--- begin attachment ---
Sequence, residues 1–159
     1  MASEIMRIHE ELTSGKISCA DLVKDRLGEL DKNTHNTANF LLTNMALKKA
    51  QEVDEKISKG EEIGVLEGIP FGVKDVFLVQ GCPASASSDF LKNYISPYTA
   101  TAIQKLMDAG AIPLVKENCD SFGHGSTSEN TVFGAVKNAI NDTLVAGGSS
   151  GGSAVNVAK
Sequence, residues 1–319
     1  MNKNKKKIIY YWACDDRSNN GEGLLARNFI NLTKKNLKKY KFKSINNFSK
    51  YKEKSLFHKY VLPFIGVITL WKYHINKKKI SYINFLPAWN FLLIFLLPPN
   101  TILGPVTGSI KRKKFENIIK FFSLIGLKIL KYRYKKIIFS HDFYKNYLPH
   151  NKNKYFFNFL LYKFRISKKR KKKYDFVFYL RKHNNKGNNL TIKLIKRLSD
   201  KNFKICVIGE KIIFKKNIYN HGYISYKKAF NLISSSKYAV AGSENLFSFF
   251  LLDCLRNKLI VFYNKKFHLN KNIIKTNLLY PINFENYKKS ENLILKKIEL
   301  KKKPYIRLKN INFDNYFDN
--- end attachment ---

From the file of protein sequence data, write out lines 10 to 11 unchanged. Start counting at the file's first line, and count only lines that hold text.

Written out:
   151  NKNKYFFNFL LYKFRISKKR KKKYDFVFYL RKHNNKGNNL TIKLIKRLSD
   201  KNFKICVIGE KIIFKKNIYN HGYISYKKAF NLISSSKYAV AGSENLFSFF